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Best retail banks both efficient, customer-centric

Tech boosts productivity, service excellence

Best retail banks both efficient, customer-centric

Top performers among the world's leading retail banks are improving operational effectiveness while also becoming more customer-focused than their competitors, says a report by The Boston Consulting Group.

The report covered 18 of the 35 top retail banks in the Americas, Europe, and Asia-Pacific, collectively referred to as “premier league” banks.

BCG identified four areas of focus that the leading premier-league banks share in common:

• Competitive advantage through customer centricity.

• Increased sales performance through digitization.

• Excellence in organizational and process efficiency.

• Complexity reduction that drives business results.

Making partners of efficiency and service

"The top banks reject traditional tradeoffs and compromises between boosting efficiency and advocating for customers," says Michael Grebe, a BCG partner based in Munich and coauthor of the report. "Many, if not most, of them are developing and deploying digital capabilities to address both sets of challenges."

As banks adapt to continuing weak macroeconomic conditions, BCG's study found, customer centricity, supported by efficiency gains, has become an increasingly important competitive differentiator.

The most efficient and profitable half of the total field of 18 benchmarked premier-league banks surpassed the premier-league median in client excellence. At the same time, the leading banks have opened a gap with other banks by boosting productivity and reducing organizational complexity, the benchmarking showed.

Collectively, the leaders achieved a cost per customer of approximately half the median of benchmarked banks, while their income per customer was nearly 30% above the median, at more than $1,000. The top-quartile banks dedicated 82% of resources, excluding overhead, to client-facing roles.

Rethinking retail business design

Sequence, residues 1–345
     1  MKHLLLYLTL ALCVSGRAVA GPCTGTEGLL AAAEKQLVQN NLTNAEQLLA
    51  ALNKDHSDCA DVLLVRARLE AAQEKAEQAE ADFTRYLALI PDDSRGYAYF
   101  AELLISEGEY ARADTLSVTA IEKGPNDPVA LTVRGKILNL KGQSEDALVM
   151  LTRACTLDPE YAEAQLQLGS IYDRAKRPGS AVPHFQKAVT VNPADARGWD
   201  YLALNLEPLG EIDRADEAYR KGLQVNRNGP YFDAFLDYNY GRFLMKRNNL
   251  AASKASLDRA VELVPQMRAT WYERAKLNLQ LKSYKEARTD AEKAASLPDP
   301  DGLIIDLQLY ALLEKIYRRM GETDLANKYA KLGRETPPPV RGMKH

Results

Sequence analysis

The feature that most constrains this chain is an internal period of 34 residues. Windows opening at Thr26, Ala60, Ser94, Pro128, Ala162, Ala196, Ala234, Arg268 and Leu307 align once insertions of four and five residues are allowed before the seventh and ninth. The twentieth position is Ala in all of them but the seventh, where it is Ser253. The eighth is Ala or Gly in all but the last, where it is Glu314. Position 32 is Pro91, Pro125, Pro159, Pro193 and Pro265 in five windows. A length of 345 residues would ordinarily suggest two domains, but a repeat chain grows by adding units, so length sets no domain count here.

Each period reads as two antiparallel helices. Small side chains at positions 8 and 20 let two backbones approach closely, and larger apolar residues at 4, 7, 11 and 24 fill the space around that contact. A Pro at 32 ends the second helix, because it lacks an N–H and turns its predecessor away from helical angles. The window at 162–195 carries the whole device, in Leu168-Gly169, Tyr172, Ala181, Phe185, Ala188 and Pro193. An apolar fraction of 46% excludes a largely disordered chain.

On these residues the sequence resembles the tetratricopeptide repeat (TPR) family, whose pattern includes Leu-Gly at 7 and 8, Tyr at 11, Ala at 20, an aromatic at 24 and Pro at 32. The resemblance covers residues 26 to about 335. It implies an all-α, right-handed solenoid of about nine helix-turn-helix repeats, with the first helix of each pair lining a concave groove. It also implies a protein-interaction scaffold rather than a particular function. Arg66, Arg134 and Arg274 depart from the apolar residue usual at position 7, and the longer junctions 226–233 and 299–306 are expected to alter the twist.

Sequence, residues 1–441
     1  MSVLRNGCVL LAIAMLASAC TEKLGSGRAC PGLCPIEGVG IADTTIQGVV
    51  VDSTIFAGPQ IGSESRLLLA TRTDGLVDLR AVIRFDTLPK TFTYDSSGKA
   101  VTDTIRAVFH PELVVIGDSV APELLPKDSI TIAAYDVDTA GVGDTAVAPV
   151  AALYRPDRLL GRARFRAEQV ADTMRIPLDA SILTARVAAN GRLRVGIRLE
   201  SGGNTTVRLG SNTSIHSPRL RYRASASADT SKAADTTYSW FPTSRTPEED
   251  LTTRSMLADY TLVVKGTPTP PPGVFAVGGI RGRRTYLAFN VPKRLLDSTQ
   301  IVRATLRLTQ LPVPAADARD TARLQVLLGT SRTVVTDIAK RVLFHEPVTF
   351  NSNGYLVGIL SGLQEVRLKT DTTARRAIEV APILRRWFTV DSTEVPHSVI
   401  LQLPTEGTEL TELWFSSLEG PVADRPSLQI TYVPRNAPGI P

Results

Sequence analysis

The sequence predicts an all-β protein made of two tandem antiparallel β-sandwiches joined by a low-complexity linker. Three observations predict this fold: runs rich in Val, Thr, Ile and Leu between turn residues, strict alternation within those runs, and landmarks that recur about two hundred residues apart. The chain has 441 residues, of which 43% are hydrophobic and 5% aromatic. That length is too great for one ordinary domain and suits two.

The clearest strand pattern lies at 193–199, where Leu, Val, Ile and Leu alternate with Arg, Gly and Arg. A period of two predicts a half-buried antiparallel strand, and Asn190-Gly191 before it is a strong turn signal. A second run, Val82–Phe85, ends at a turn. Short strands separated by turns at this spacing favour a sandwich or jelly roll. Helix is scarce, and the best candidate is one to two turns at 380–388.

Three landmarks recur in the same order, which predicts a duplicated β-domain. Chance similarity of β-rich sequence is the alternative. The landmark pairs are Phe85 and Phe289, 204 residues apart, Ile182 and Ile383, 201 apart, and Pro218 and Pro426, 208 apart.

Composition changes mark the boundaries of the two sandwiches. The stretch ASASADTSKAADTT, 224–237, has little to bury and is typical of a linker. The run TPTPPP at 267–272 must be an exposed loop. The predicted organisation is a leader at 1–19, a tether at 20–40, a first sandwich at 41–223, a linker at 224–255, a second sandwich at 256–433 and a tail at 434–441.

Many leading banks are achieving step-change improvements in customer products and services by optimizing their business models, BCG found.

"The leaders have developed scalable models of efficient service," says Christophe Duthoit, a BCG senior partner based in Paris and another coauthor. "They are migrating most low-value transactions to alternative channels, tightly limiting nonclient-facing staff, and streamlining management."

The benchmarking confirmed BCG's earlier findings that retail banks that are the strongest operationally also deliver superior financial performance. Top-quartile banks achieved cost-to-income ratios—a key measure of efficiency and profitability—at or below 40, compared with the median of 54.

Leaders exploit the digital relationship

Digital engagement of clients with banks is expanding quickly, particularly mobile transactions, which quadrupled. The largest gap between top-quartile and median performers was in the share of online versus branch transactions, BCG found.

Expanding digitization is enabling stronger sales performance in two ways. First, multiple interactive channels please customers by giving them what they want, when and where they want it. Second, digital channels reduce operational costs and boost productivity by requiring fewer in-person, branch-office interactions.

Attracting and serving high-income-producing clients and expanding share of wallet have become key differentiators, BCG found. Increasingly, leading banks are turning to big data, sophisticated analytics, and digital capabilities to achieve those goals.

"However, we believe the main challenge for banks, before tackling big data, is to develop 'rich data'—that is, customer information that is complete, current, coherent, and consistent," says Ian Walsh, a BCG partner based in London and the global leader of the firm's retail-banking segment. "Rich data is far more important than external data feeds in allowing banks to extract key insights."

John Ginovsky

John Ginovsky is a contributing editor of Banking Exchange and editor of the publication’s Tech Exchange e-newsletter. For more than two decades he’s written about the commercial banking industry, specializing in its technological side and how it relates to the actual business of banking. In addition to his weekly blogs—"Making Sense of It All"—he contributes fresh, original stories to each Tech Exchange issue based on personal interviews or exclusive contributed pieces. He previously was senior editor for Community Banker magazine (which merged into ABA Banking Journal) and for ABA Banking Journal and was managing editor and staff reporter for ABA’s Bankers News. Email him at jginovsky@sbpub.com.

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